Courtesy of Zaha Hadid Architects
Courtesy of Zaha Hadid Architects

The Small Theatre (Multipurpose Hall) is characterized by its flexibility. With a maximum capacity of 500 seats, it can be adapted and transformed to different configurations. It can therefore accommodate a broad range of functions and shows that span from banquets and commercial events to small plays, fashion shows and music. A commercial attraction, this venue shares seamless public access to retail areas and restaurant facilities, which are seated in an open and gently sunken courtyard linking visitors to and from the basement level.

Courtesy of Zaha Hadid Architects
Courtesy of Zaha Hadid Architects

Although these civic institutions are uniquely defined and separate, they supply each other in all respects within its setting with plazas offering visitors a tapestry-like sequence of urban ambiances that relate to the different institutions, inject the site with urban vitality. The working hours of the different venues also overlap to ensure continuity during the full 24 hour cycle; Operated during the evening, the Grand Theatre becomes active as the Museum begins to conclude its day- time operations whilst the Small theatre and retail/restaurants would be commercially available day and night. In this regard, they benefit from each other’s vicinity, ensuring that the site is lively 24 hours a day. This dynamic composition further establishes a powerful relationship with its surroundings, which confers monumentality to the ensemble.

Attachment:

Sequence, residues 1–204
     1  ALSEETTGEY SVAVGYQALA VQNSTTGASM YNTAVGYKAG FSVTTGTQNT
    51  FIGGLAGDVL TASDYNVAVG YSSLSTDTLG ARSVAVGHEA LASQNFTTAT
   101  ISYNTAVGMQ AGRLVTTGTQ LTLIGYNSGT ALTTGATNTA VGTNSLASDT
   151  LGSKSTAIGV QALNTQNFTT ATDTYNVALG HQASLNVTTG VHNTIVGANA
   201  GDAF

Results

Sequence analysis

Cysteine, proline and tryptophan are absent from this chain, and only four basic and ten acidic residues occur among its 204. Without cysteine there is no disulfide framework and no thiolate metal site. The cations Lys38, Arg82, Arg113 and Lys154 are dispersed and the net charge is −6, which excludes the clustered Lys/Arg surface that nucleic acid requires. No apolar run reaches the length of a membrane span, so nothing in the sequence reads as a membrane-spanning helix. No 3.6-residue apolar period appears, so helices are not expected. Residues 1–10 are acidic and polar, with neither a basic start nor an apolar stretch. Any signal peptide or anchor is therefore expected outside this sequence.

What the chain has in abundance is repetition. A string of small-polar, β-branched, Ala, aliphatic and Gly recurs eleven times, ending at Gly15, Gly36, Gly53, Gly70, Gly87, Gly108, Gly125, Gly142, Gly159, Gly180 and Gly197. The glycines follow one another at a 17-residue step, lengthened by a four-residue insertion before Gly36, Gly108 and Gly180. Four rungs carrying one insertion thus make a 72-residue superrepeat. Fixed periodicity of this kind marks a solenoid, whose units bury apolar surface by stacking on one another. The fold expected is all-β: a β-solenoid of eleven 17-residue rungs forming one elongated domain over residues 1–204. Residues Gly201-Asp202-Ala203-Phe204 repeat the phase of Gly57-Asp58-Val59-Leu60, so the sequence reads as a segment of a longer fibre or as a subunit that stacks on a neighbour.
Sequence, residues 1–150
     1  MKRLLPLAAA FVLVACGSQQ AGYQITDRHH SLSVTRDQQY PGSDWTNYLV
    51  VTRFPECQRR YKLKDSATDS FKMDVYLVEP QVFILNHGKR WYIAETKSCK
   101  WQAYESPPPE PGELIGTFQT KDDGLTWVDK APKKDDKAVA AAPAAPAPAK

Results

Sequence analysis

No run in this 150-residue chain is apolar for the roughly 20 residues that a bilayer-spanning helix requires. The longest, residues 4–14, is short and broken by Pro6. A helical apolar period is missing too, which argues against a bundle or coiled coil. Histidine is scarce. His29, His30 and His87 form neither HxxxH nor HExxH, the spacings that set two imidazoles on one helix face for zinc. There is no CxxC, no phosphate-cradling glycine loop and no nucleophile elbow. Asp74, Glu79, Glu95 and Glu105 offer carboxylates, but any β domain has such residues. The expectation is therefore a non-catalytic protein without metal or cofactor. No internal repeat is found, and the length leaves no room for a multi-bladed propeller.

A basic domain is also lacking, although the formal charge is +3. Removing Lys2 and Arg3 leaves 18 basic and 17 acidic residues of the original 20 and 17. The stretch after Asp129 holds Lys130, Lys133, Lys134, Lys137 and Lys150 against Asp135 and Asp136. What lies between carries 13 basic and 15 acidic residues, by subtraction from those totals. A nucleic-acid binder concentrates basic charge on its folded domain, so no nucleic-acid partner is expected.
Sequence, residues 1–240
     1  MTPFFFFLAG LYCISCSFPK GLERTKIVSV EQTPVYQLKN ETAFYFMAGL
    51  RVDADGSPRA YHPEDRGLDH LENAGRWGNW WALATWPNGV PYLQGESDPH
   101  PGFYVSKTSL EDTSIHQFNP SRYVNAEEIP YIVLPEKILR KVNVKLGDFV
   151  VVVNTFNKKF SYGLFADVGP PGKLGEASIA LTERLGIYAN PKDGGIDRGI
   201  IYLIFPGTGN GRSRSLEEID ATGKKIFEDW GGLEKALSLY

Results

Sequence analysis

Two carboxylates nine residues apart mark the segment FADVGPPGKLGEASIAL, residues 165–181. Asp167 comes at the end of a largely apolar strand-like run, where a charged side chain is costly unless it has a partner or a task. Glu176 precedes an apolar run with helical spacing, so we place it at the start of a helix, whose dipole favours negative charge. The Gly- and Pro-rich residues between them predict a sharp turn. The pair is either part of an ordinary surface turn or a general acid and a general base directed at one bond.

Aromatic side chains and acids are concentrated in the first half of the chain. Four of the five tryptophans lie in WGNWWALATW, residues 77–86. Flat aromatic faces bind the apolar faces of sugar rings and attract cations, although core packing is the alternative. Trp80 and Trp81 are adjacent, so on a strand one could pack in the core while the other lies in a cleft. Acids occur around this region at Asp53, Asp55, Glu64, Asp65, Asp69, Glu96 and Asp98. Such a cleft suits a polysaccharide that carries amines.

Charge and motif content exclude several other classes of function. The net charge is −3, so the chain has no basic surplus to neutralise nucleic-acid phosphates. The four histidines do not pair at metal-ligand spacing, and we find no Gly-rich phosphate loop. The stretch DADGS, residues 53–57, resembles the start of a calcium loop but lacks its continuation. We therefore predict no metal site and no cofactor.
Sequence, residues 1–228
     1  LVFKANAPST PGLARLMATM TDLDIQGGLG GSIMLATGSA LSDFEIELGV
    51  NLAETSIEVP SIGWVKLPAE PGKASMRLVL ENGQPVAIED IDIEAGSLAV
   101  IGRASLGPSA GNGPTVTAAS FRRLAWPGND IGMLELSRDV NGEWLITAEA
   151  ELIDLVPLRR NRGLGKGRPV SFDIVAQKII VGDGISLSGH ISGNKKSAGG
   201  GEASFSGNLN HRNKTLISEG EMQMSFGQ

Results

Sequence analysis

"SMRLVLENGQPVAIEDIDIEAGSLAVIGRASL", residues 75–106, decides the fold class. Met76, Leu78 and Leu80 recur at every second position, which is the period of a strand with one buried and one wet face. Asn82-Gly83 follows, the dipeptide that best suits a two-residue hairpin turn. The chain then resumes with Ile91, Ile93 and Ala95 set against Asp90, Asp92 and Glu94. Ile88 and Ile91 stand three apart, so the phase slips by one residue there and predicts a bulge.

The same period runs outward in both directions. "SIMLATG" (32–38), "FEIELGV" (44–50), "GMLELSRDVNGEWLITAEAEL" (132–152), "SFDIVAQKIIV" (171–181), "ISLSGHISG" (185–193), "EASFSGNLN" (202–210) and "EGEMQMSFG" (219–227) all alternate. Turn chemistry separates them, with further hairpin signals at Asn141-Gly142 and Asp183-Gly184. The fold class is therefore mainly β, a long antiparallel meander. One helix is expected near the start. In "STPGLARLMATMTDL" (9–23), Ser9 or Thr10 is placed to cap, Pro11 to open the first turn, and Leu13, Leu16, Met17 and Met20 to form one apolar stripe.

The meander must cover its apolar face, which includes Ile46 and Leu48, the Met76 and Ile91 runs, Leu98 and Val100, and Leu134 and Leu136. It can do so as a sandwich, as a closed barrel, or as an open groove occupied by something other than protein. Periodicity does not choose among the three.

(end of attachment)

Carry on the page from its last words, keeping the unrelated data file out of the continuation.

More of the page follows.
Embodying values of functionality, elegance and innovation, the Changsha Meixi Lake International Culture & Arts Center aims to become the new cultural and civic node for the city of Changsha, and well as global cultural destination.

  • Architects

  • Design

    Zaha Hadid, Patrik Schumacher
  • Project Director

    Woody Yao, Simon Yu
  • Project Leader

    Simon Yu
  • Project Team

    Zhenjiang Guo, Charles Kwan, Jinqi Huang, Neil Sansom, Pravin Ghosh, Thomas Jensen, Justin Kelly, Wandy Mulia, Uli Schifferdecker, Adrian Aguirre Herrera, Aurora Santana, Koren Sin, Johanna Huang, Yifan Zhang, Collin Spelts, Fei Liang, Adam Fingrut, Yitzhak Samun
  • Schematic Design

    Zhenjiang Guo, Charles Kwan, Jinqi Huang
  • Museum Design

    Tariq Khayyat, Kutbuddin Nadiadi, Diego Rossel, Gerry Cruz, Matteo Melioli, Xiaosheng Li, Yuxi Fu, Thomas Jensen, Matthew Johnson, Justin Kelly, Drew Merkle
  • Structural, Facade & Building Services Engineering

    Buro Happold
  • Theater Consultants

    Theatre Projects Consultants
  • Acoustics Consultants

    Marshall Day Acoustics
  • Competition Team